Guide to Optimize images for the website: Fastest page load

Optimizing images for the web means adjusting their dimensions, eliminating unnecessary data and compressing them in order to reduce their size , always maintaining their visual quality. While image optimization seems complex, since there is a wide variety of formats and details to improve, with a little patience, I promise you will get good results.

Learning to optimize images to leave them in the right size, compressed and ready for the web will help us solve one of the main problems related to the speed and weight of the pages, and will also contribute to improving their behavior in the Pagespeed test.

The basics in handling images for the web:

Before we begin, let’s see if you are using these basic principles to manage the images on your website:

Principle 1: Use only the amount of images needed.

More images, more calls to the server and more page load time. Always try to use few well-optimized images. If for some reason your site requires many images you can use a plugin such as Lazy Load so that the images load as the visitor uses the scroll bar to move down.

Principle 2: Use only the recommended web formats

Try using the JPG file format and when you save the images, always look for the “for the web” option, which decreases the original image quality by 70 or 80%. If you need images with a transparent background you can use PNG and if you want an animated image you can use the GIF format.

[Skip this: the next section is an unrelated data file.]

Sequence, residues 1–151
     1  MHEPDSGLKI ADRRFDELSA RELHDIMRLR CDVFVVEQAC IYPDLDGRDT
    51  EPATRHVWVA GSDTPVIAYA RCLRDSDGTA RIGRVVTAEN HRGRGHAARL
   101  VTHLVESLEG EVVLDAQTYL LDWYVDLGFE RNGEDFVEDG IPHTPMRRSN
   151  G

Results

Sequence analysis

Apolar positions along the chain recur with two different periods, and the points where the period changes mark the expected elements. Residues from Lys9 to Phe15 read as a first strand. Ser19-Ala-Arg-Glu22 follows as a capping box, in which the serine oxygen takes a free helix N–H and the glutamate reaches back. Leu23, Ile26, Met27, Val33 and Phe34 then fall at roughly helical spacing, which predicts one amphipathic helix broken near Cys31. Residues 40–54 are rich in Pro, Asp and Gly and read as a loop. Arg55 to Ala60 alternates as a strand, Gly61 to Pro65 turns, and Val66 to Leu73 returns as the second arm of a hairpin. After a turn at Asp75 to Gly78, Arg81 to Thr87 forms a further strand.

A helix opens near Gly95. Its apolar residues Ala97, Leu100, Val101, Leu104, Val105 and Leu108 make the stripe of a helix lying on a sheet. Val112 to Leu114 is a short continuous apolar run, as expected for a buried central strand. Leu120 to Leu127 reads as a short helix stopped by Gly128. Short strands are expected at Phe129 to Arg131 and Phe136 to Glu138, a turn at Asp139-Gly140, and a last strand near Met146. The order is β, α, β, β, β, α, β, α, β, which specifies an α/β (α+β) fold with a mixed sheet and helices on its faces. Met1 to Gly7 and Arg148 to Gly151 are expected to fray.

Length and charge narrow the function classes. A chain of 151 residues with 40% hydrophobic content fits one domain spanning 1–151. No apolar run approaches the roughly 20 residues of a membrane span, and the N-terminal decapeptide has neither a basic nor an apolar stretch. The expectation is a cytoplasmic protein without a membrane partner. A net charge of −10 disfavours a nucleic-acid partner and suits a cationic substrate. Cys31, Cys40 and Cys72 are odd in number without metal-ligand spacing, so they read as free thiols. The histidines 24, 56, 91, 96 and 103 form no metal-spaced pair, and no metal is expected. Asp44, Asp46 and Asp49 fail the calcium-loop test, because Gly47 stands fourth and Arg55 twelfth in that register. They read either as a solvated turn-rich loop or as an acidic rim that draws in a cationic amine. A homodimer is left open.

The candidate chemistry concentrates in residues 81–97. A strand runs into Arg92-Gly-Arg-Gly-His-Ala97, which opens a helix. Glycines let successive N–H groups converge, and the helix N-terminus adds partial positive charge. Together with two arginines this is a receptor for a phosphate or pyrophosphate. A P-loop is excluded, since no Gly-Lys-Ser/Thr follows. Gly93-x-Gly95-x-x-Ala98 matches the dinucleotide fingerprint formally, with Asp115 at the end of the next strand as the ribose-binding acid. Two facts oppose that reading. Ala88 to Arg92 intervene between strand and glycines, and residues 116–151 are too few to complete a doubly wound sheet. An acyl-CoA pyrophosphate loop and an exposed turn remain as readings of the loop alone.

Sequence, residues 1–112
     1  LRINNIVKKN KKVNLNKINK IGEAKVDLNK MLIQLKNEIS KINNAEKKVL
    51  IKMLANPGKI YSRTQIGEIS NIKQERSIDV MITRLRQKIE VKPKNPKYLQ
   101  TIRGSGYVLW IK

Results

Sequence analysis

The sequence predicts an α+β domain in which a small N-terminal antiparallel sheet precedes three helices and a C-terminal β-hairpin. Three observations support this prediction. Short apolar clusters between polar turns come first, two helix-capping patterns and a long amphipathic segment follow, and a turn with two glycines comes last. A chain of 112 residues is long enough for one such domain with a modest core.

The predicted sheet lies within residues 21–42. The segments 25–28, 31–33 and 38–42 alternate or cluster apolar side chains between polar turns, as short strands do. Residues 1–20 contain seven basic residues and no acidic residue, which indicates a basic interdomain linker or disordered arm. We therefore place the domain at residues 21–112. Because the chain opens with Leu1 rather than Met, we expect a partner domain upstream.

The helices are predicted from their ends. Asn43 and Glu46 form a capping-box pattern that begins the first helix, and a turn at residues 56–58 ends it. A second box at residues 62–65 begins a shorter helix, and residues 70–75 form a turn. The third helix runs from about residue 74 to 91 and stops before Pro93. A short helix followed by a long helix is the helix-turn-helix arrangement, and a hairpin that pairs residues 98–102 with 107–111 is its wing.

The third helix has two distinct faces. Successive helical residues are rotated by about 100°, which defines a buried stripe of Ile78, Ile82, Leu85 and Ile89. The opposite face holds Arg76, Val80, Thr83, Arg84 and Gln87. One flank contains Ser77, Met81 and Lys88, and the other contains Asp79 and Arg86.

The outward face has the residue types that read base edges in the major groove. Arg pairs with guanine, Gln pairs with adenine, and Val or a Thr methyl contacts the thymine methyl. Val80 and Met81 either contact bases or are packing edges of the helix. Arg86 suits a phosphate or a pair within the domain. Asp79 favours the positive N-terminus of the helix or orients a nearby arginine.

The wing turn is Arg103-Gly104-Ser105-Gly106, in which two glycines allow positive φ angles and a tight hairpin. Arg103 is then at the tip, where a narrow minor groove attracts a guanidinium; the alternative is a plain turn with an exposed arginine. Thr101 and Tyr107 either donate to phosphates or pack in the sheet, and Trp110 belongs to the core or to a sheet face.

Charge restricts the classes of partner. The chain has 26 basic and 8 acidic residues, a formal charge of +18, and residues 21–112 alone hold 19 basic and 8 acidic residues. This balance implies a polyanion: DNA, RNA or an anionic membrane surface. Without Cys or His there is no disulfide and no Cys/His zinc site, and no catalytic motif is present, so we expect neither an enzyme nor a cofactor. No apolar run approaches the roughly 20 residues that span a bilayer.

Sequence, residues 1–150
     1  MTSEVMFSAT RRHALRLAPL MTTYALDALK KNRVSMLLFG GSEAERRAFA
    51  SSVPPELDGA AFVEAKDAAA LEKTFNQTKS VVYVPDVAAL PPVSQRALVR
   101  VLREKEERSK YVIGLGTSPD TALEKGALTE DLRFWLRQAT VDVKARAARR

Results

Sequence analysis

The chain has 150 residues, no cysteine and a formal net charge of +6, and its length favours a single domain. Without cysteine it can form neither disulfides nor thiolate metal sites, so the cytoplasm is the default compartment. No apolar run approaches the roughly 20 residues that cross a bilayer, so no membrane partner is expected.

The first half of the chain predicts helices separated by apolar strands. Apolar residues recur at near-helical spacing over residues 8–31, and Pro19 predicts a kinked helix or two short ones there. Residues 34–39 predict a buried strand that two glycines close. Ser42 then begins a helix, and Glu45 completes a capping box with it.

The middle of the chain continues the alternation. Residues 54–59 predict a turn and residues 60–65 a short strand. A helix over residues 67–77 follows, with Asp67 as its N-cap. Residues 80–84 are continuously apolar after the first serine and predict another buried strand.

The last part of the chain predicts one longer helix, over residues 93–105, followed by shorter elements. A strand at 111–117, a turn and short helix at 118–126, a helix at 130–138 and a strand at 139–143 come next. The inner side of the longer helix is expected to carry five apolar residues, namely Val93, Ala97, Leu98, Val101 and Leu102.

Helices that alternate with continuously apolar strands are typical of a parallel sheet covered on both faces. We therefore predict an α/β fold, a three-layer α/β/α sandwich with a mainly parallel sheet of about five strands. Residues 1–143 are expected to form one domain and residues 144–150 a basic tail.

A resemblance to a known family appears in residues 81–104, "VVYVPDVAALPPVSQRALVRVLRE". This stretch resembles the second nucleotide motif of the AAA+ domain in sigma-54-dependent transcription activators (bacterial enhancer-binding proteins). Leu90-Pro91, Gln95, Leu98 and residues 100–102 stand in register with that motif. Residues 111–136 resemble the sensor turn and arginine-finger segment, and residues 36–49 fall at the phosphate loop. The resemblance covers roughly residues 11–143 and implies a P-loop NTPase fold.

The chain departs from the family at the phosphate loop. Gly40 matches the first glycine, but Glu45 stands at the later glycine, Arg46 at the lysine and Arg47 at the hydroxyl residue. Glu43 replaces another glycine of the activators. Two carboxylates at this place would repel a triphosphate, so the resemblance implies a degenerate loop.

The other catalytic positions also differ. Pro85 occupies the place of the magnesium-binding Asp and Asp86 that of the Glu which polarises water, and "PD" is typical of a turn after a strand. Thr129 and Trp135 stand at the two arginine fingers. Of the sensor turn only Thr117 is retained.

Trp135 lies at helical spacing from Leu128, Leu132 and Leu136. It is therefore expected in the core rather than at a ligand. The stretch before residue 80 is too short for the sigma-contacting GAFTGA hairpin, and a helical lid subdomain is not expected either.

You can also start experimenting with the new WebP format, which produces images up to 30% lighter compared to the JPEG format.

Principle 3: Be cautious with formats that require code

One of these is the SVG format that uses a technology in which images are displayed using a code. The advantage of the SVG format is that the images are elastic and adaptable, but there are certain disadvantages: It requires a special program to create and implement them, they generate huge blocks of code (both larger when it comes to producing sophisticated images) and also the images SVGs are not supported by some older browsers.

Another way to use code to generate images is to do it by encoding some of your images to base64. Be cautious with this method since the base 64 images are not indexed by Google, so they will not benefit your SEO and also those images will not appear in the Google image search or in any other search engine. Both the small red logo of Ideas Marketing and the photo of the author, which appears below each of the articles on this site, are actually images encoded in the base64 chain.

Principle 4: Do not use images larger than necessary:

Be sure to post the images in the correct size. PageSpeed ​​detects the dimensions of the image that are specified by the attributes of each image, so each image must be displayed in the size that its attributes say . If the actual size of an image is 100 x 100 pixels, do not change its dimensions to 80 x 80 pixels directly in the HTML code or in the CSS style sheet. If the image needs to be smaller, use an image editor like Photoshop and change its size to the correct dimensions, to match the width and height specifications of the image with its actual size.

In adaptable sites, a set of three to four images of different sizes is usually used, which should always be adjusted to the maximum dimension in which each of them will be displayed on the different devices.

In WordPress always resize your images if you change your template:

When you upload a new image to WordPress, it always generates a complete set of images in the correct measures. What sometimes happens is that we change our template and do not consider resizing images to the sizes used by the new theme. When changing the WordPress theme use a plugin like regenerate thumbnails to resize your images to the appropriate sizes.